Pulp. Fibrous, cellulose pulp. Grass-paper, rag-paper, rag-and-bone, paperweight: in the second century Cai Lun developed a paper process. Tiny little papermills of the mind. Cogs and wheels of papermaking, pulping, rod-and-doweling. And then a lunatic of the senses, the world becomes that, is that, mired in that. Words. Cultural disease, newsprint, papyrus bundles. In the chemical pulping, all our senses. In the mechanical pulping, all trees like a billion Christmases. A cooking process. Waste fortifies chalk and china clay. Watermarks destroy the day and deckle its edges.
We’re all of an age that recycling is second nature. We use the backs of receipts for listmaking—if we use paper at all—before we toss paper into the recycle bin. We read on screen. We mostly do paperless banking, paperless billing, paperless letter writing. We practice efficiency. We download 572 books onto our little reading devices and plow through them candily.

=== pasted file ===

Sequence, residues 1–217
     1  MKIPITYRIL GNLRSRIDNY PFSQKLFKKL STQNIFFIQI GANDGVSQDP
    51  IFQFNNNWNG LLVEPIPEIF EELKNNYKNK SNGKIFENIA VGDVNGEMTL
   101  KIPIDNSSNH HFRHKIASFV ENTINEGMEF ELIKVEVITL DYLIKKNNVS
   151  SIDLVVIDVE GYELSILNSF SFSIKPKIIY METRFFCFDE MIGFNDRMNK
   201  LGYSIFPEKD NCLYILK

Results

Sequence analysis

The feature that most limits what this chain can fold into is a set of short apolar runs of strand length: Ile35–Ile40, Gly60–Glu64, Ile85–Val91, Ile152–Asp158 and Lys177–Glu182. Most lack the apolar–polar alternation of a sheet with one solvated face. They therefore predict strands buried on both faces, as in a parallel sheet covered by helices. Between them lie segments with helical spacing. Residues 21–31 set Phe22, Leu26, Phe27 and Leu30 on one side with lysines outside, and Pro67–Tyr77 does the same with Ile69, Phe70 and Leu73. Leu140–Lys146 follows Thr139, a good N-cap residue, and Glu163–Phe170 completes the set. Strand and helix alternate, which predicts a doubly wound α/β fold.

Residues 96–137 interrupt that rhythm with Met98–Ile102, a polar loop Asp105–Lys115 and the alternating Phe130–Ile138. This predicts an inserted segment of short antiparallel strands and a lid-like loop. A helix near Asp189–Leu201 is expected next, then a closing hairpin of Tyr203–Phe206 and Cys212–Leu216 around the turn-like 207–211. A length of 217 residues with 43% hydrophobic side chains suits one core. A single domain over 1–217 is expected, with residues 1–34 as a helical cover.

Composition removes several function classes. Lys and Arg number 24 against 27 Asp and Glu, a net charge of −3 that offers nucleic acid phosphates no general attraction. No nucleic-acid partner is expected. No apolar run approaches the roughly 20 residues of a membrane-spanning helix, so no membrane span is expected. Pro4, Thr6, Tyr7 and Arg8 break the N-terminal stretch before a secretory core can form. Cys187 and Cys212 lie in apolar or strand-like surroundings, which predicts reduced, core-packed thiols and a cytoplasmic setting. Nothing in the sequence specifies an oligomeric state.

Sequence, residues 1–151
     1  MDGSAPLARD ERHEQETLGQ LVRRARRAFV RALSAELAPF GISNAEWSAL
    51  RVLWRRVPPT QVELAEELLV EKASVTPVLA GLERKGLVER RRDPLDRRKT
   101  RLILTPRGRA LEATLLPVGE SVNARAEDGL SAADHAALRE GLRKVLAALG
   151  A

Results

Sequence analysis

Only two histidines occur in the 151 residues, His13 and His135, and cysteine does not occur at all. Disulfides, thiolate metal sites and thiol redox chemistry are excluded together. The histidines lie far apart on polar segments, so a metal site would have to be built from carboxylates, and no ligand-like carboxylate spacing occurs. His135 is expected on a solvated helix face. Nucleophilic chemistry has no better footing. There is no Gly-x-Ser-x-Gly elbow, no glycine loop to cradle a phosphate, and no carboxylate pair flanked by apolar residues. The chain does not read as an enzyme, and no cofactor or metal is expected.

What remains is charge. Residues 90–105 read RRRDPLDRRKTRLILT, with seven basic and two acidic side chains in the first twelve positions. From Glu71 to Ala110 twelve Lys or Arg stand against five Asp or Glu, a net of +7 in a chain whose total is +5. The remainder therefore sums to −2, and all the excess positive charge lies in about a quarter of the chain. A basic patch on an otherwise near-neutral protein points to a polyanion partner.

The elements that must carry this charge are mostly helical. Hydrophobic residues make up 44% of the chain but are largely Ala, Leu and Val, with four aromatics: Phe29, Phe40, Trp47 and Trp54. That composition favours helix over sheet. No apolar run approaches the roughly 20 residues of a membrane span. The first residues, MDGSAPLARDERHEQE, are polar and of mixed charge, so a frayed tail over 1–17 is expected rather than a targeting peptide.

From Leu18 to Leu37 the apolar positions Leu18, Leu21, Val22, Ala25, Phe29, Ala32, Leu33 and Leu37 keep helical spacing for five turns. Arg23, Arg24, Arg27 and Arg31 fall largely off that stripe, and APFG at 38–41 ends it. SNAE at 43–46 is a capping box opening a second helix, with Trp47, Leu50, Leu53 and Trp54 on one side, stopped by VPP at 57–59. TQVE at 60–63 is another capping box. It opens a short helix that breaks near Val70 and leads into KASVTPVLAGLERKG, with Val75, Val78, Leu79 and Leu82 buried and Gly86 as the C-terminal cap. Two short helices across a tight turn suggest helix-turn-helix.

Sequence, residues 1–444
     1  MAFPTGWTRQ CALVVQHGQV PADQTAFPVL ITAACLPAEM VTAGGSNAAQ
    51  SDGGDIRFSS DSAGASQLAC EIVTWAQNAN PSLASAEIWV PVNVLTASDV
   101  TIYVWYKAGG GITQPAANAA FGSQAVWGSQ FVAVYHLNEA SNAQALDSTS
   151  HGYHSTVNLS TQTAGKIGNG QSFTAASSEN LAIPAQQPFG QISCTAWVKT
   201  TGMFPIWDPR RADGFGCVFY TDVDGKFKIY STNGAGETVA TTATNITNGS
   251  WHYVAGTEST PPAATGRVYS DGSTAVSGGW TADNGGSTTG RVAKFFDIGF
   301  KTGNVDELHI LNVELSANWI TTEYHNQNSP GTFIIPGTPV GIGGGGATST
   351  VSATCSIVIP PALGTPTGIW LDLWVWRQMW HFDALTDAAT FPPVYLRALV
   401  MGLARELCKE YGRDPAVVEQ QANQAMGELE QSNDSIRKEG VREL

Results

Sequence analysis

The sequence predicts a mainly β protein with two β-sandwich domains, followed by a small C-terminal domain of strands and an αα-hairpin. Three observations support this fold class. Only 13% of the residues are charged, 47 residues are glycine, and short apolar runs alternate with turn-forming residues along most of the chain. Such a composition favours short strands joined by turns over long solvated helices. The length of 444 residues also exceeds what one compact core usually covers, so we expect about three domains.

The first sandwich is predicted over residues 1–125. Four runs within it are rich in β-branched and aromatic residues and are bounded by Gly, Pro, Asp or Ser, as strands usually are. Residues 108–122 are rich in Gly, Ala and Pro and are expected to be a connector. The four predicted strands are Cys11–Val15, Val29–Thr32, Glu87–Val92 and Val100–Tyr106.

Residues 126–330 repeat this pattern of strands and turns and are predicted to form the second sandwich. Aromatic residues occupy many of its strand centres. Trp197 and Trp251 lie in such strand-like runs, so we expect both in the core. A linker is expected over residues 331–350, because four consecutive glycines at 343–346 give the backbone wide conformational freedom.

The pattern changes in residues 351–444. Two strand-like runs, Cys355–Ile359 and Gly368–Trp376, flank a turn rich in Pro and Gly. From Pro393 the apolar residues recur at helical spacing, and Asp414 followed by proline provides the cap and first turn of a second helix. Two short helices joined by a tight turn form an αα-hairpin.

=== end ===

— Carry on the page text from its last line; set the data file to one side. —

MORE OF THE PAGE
But I’ll tell you what. I got the proof copy of my book in the mail yesterday, and there is nothing in the world like seeing your book in all its pulpy flesh. It is a real object, a hallelujah of paper and ink. It’s a book, which is a thing. I can slip it into my purse and feel it there. It’s the synecdoche of language-as-artifact, a receptacle for artfulness. I wouldn’t be nearly as happy to have a book published in the ether. Look! Here’s my book in the air! No way. I want to see it, feel it, bruise it, lick its spine.
The book industry could stand to cut down its waste, as all industries could. We’re wasteful motherfuckers with our overstocks and our throw aways—even the zoos breed more animals than they can use and sell them to more wasteful idiots who think having exotic pets is fun. Have you seen how much meat your big box grocer throws away weekly? The machine is unwieldy and alive all around us.
But trim the fat. Trim the fat. Don’t throw away the whole goddamn bird.